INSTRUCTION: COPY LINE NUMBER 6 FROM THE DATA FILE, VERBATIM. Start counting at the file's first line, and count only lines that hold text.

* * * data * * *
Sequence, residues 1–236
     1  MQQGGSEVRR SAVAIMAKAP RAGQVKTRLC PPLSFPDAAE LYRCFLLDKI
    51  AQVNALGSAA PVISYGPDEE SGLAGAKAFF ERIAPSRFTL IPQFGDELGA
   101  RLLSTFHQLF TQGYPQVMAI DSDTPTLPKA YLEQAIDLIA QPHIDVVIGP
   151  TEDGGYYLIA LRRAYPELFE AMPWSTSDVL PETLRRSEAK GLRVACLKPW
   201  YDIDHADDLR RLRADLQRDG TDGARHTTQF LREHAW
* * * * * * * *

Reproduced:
   201  YDIDHADDLR RLRADLQRDG TDGARHTTQF LREHAW